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3D Printing Financials: 3D Systems Tops Earnings Estimates, Focuses on Future Investments for Growth

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Led largely by a strong increase in its healthcare segment, 3D Systems (NYSE: DDD) reported better than expected earnings and sales for the quarter ending September 30, 2021. However, despite the solid earnings report on November 8, 2021, company stock dipped 14% the day after and continued slipping on the following days, showing investors appear to want more from the company.

As posted in its third-quarter financial results, overall revenue came in at $156.1 million, reflecting 14.6% growth compared to the same period last year, and increased 35.9% when excluding businesses divested in 2020 and 2021. In addition, the results reflect an increase of 28.3% in the healthcare segment to $76.4 million, against $59.5 million in 2020, driven by continuing strong demand for personalized health services and dental applications in both printers and materials. Actually, the last four quarters have seen the highest level ever of dental material sales compared to any prior four-quarter period.

There was also an ongoing strength in the industrial division, which saw revenue grow 4% to $79.7 million compared to $76.7 million during the same period last year. This segment is continuing its rebound, seeing strong performance in various sub-segments, most notably in jewelry, automotive and transportation, and general manufacturing.

More importantly, revenue adjusted for divestitures was 21.2% higher than pre-pandemic third-quarter results, reflecting a continued strong growth momentum of the business. In fact, according to 3D Systems Chief Financial Officer Jagtar Narula, since the third quarter of 2020 was the beginning of the economic reopening from the Covid-19-related shutdowns, it is valuable to compare current results with those in 2019, which was untainted by the pandemic. “We are comparing on an apples-to-apples basis,” he reflected.

“With continuing strong demand, our operational challenges have largely centered around global supply chain and logistics issues, which are unfortunately continuing to plague most companies around the world,” described 3D Systems CEO Jeffrey Graves during an earnings call with investors. “Our solid execution in the face of these challenges in the third quarter resulted in strong double-digit growth with revenues increasing by 15% before adjusting for divestitures.”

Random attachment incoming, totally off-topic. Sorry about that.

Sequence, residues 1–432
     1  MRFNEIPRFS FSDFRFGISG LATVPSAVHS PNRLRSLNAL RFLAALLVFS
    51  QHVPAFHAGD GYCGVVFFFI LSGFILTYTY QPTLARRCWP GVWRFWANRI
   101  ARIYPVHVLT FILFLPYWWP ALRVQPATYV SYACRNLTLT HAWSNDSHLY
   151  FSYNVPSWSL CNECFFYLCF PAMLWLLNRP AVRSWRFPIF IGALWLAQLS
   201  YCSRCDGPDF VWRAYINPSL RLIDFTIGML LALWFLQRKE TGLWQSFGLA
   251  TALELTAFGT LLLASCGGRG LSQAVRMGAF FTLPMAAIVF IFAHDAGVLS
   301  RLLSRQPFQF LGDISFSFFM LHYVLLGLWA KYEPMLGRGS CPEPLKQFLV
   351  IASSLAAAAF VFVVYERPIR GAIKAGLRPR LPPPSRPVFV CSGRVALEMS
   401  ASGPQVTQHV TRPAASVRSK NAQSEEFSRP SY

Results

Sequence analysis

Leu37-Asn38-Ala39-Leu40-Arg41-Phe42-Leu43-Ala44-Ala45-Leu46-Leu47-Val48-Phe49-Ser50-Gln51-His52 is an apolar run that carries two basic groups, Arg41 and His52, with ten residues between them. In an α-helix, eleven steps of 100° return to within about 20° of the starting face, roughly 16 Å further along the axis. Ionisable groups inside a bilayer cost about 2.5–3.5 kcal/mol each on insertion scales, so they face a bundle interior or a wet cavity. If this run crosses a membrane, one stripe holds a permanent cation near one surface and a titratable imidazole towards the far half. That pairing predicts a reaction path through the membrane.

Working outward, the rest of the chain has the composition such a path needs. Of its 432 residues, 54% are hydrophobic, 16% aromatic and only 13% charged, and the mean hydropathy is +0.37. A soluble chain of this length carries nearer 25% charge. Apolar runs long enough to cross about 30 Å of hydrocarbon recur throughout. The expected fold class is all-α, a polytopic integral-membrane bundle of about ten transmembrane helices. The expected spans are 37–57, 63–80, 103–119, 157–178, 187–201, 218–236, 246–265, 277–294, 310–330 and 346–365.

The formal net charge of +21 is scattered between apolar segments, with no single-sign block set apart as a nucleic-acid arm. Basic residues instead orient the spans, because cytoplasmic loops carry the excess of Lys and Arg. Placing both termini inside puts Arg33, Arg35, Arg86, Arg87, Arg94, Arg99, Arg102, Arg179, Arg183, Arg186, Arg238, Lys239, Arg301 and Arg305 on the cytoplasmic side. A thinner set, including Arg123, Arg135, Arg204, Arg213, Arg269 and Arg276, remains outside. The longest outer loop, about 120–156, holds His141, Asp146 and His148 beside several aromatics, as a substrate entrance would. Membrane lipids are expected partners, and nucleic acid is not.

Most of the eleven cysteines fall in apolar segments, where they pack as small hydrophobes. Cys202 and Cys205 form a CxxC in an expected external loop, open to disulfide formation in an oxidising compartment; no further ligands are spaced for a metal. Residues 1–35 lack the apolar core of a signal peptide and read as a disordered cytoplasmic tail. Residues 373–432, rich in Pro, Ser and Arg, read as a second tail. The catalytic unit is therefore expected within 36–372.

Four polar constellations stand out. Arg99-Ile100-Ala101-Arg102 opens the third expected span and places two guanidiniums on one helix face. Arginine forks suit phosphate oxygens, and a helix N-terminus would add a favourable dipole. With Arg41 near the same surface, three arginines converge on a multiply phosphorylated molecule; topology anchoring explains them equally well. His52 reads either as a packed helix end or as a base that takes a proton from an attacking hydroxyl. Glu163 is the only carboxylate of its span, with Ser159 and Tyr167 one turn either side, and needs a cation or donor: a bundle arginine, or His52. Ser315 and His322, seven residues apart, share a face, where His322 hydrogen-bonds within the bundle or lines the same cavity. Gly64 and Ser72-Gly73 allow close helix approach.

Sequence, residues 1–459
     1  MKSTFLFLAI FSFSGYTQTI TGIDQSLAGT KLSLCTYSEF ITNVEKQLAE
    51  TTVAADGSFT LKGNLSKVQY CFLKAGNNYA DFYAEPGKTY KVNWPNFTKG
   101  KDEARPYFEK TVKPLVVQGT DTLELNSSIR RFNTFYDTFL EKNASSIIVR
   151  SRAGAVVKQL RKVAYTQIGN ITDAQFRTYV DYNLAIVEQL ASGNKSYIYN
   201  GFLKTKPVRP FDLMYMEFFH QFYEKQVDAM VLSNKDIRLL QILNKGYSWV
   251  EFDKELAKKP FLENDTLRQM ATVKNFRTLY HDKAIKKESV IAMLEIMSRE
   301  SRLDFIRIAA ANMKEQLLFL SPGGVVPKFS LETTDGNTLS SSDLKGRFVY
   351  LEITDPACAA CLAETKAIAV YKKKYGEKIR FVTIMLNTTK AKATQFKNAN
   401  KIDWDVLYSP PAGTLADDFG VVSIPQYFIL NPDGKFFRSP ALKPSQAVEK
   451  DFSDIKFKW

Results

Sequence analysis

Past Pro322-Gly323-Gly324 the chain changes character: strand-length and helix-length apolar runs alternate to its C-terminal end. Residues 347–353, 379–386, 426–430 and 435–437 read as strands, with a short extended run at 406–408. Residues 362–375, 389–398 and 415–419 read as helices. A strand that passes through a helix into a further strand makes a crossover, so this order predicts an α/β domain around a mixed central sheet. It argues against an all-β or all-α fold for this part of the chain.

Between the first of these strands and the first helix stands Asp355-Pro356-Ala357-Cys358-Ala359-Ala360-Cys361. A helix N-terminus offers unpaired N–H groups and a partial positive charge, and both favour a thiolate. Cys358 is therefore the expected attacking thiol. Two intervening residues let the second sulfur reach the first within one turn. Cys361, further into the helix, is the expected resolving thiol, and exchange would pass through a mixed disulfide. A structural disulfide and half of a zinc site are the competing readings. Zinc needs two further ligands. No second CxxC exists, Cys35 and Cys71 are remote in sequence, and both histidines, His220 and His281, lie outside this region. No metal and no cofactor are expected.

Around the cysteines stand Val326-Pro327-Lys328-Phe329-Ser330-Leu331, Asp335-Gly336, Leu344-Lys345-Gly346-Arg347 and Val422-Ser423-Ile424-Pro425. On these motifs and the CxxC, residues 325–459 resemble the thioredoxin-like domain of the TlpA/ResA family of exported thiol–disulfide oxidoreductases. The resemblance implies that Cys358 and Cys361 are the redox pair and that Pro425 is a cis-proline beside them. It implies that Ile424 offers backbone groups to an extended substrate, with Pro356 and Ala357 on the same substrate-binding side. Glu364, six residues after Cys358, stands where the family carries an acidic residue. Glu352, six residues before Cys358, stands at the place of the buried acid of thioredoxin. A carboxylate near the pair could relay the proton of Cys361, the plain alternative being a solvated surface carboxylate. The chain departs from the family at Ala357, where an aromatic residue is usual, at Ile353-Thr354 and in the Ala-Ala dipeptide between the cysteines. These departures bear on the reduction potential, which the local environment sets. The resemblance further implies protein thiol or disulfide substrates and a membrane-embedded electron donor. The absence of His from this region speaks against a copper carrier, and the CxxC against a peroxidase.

Turning to earnings, the increased revenue and sustained cost management drove strong profitability, as the Rock Hill, South Carolina-based company reported net income of $292.7 million, or $2.34 per share, in the third quarter of 2021 compared to a loss of $72.9 million, or 61 cents per share in the prior year. The year-over-year improvement was driven by gains on divested businesses as well as the goodwill impairment charge the company took in the third quarter of 2020.

The DMP Factory 500 Metal 3D Printer from 3D Systems.

The DMP Factory 500 Metal 3D Printer from 3D Systems. Image courtesy of 3D Systems.

Already on the last stage of a four-phase transformation journey, the company completed the last of its divestitures, repaid debt, and stockpiled over $500 million in cash on its balance sheet. During this final stage, 3D Systems is investing in significant opportunities set to drive high-margin recurring revenue, as evidenced by the acquisition of AI-driven software company Oqton.

One of the company’s key strategic advantages has been its involvement in the emerging bioprinting market. Since 2017, 3D Systems has focused resources in regenerative medicine and began a joint development program with biotech firm United Therapeutics Corporation to create a bioprinting technology that will make scaffolds for human lungs using a process called “Print to Perfusion.” Once developed, the technology can be applied to other major organs in the human body as well as a wide range of other human and laboratory applications.

Human vasculature model created using Print to Perfusion process.

Human vasculature model created using Print to Perfusion process. Image courtesy of United Therapeutics.

Building upon this foundation, 3D Systems recently acquired Houston-based Volumetric Biotechnologies, a 3D bioprinting spin-off company founded by Rice University bioengineers Jordan Miller and Bagrat Grigoryan. The move provides unique biological talent to the organization, including a new Chief Scientist for Regenerative Medicine, Jordan Miller, who will allow the company to expand and accelerate its growth in human and laboratory applications for bioprinting.

“By acquiring Volumetric, we’re adding critical skill sets to our 3D Systems’ team, which we feel are a perfect complement to ours, bringing strong biological expertise and cellular engineering skills along with highly creative bioprinting systems to our development group,” explained Graves.

All the investments in software, product platforms, and regenerative medicine complement an existing business portfolio that generated $20.7 million in cash from operations during the third quarter to bolster a balance sheet that boasted $503 million of cash, ready to support additional growth. With this, the company says it’s ready to focus on driving the adoption of additive manufacturing, solving customers’ most complex application needs, and generating high-margin recurring revenue streams critical to sustaining value creation.

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